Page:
Post Content

KatieGorodetsky

 

Posted By: Katie Gorodetsky -WIC's Immunization Coordinator

  Sleep safe

Sleep related deaths are the number one reason that babies die between 1 month and 1 year of age. According to the Center for Disease Control and Prevention, each year in the United States, more than 4,500 infants die suddenly of no immediately obvious cause. Half of these Sudden Unexpected Infant Deaths (SUID) are due to Sudden Infant Death Syndrome (SIDS).

Sudden Unexpected Infant Deaths (SUDS) are defined as deaths in infants less than 1 year of age that occur suddenly and unexpectedly and whose causes of death are not immediately obvious prior to investigation.

Sudden Infant Death Syndrome (SIDS) is defined as the sudden death of an infant less than 1 year of age that cannot be explained after a thorough investigation is conducted, including a complete autopsy, examination of the death scene, and review of the clinical history. SIDS is the leading cause of SUID and of all deaths among infants aged 1–12 months.

The risk of SIDS can be greatly reduced by following safe sleep principles. Give your baby the gift of safe sleep by:

  • Putting your baby to sleep on their back ALL the time – at night and for naps.
  • Checking to be sure the crib meets safety standards before putting your baby to sleep in a used crib.  To find out if your crib meets safety standards, call the Consumer Product Safety Commission toll free at: 1-800-638-2772.
  • Not letting your baby sleep on the couch or in an armchair – your baby could get stuck in the cracks and suffocate.
  • Being sure to give your baby plenty of time on their tummy when your baby is awake and an adult is watching.  This will help your baby’s neck and shoulder muscles get stronger.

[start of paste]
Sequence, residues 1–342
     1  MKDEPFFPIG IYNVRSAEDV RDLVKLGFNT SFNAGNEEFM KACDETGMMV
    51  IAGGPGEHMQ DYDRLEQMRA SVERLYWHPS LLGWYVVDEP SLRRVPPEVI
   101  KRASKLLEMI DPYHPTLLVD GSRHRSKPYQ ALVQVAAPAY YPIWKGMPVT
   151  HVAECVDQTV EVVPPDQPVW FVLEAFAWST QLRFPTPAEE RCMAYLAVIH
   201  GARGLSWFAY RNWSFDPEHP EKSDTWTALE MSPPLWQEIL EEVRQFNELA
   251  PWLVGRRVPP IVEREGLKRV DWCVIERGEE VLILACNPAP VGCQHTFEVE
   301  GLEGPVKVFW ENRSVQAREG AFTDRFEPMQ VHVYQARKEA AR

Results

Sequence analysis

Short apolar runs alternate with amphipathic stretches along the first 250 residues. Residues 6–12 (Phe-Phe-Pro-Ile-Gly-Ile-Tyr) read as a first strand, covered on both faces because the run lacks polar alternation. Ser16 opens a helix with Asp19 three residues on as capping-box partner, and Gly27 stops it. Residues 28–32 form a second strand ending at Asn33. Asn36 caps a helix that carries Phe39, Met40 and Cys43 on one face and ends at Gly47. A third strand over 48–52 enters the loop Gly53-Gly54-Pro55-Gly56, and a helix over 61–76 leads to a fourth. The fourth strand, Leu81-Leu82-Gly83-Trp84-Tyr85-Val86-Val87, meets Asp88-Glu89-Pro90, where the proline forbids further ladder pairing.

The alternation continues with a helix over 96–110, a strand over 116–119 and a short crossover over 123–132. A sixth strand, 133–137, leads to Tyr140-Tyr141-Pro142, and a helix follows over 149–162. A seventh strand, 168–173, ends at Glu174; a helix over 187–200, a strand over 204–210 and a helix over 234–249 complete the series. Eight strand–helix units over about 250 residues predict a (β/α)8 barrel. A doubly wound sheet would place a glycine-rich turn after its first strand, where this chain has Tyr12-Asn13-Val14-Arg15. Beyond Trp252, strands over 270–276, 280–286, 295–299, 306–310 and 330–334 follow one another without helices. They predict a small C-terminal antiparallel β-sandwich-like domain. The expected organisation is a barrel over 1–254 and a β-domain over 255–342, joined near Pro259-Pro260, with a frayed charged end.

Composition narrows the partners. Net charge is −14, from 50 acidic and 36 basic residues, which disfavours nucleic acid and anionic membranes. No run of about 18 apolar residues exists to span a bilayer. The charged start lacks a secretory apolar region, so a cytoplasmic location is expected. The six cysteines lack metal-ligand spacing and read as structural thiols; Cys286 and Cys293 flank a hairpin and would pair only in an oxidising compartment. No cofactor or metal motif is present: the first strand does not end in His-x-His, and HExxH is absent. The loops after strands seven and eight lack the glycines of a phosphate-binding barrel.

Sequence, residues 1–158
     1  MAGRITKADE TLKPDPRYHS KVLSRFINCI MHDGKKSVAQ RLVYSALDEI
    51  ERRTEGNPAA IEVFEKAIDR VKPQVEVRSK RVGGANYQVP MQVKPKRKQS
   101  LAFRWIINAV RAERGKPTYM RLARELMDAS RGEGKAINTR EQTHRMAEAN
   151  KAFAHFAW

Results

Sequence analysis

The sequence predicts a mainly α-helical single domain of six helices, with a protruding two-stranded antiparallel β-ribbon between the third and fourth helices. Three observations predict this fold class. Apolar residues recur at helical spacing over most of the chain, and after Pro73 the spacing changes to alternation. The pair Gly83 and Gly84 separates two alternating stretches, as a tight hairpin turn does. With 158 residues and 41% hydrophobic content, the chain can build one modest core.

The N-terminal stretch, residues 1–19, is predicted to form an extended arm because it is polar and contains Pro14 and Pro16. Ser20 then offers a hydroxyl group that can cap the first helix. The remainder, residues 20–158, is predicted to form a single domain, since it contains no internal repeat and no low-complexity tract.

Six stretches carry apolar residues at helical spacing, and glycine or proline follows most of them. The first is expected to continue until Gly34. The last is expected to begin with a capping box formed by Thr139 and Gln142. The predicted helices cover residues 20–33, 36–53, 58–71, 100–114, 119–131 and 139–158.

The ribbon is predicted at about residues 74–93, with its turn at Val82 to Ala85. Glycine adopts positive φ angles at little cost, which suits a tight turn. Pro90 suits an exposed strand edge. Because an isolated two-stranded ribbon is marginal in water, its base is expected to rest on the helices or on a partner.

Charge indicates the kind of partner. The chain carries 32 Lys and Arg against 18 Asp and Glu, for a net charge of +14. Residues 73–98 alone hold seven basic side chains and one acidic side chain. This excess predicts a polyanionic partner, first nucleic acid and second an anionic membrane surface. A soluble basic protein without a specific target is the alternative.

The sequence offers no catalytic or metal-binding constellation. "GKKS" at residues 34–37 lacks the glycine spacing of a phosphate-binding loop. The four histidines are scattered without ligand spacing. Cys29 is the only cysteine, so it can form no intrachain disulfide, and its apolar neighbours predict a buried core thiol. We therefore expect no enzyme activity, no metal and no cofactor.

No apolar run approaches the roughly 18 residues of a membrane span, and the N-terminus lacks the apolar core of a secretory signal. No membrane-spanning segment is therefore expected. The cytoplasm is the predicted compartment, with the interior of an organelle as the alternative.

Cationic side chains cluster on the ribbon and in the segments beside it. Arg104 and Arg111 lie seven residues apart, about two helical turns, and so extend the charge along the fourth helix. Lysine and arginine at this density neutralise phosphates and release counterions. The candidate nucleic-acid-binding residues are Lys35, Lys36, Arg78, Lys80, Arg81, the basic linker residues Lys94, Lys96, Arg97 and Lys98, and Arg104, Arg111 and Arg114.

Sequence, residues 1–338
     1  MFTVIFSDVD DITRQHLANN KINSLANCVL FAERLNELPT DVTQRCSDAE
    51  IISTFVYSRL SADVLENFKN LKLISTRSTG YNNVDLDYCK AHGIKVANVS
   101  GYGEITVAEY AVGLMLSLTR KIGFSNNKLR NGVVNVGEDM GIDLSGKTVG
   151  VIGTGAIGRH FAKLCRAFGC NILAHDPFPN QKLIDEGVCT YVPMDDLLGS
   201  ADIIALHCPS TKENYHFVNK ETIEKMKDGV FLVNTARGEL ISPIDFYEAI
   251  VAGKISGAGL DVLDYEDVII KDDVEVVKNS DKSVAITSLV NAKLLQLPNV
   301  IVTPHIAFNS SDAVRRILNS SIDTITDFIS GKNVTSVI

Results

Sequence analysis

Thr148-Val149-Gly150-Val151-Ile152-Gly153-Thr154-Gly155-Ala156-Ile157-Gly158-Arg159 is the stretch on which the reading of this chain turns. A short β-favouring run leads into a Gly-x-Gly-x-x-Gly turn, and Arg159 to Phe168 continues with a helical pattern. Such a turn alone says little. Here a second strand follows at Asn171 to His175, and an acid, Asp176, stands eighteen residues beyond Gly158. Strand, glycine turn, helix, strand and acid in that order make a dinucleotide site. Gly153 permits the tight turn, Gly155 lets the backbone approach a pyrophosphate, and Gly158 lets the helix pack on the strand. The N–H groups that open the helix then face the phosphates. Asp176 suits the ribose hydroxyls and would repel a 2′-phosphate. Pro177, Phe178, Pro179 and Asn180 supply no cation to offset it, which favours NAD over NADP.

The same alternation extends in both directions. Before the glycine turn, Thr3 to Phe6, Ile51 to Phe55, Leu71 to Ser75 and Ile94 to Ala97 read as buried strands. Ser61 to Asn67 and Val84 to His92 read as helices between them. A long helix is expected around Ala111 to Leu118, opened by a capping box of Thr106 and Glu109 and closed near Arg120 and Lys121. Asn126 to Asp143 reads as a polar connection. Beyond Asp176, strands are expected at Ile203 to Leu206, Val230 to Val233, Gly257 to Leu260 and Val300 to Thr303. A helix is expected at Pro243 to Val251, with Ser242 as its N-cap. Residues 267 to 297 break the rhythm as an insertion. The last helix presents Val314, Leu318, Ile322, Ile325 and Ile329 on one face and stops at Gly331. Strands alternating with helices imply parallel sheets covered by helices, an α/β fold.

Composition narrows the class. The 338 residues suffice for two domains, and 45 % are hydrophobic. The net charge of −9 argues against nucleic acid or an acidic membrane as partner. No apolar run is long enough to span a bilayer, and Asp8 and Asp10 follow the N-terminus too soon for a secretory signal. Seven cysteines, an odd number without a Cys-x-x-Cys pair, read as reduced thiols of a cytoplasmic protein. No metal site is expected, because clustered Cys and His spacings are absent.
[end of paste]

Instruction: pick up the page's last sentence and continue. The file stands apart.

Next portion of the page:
For more information on safe sleep, please contact the Massachusetts Department of Public Health’s Injury Prevention Program at (617) 624-5070 or the Massachusetts Center for SIDS toll-free at 1-800-641-7437.

Written By:

Recent Posts

Weekly Flu Report, May 25, 2018 posted on May 24

Rates of flu-like illness continued to decrease over the past seven days, according to the latest (and last) weekly flu report of the 2017-2018 flu season. Weekly flu reports for the 2018-2019 flu season will begin in the autumn. Until then, happy summer!

Tis the Season…for Asparagus! posted on May 22

Tis the Season…for Asparagus!

By Terri Mendoza and Andrea Couture Winter did not want to leave Massachusetts this year.  But spring has finally arrived, bringing us sunshine, blossoming flowers, chirping birds, and one of my favorite things—the chance to eat local, seasonal fruits and vegetables! When you enjoy seasonal   …Continue Reading Tis the Season…for Asparagus!

Weekly Flu Report, May 18, 2018 posted on May 18

The latest weekly flu report indicates that rates of flu-like illness decreased over the past seven days. You can view the report here.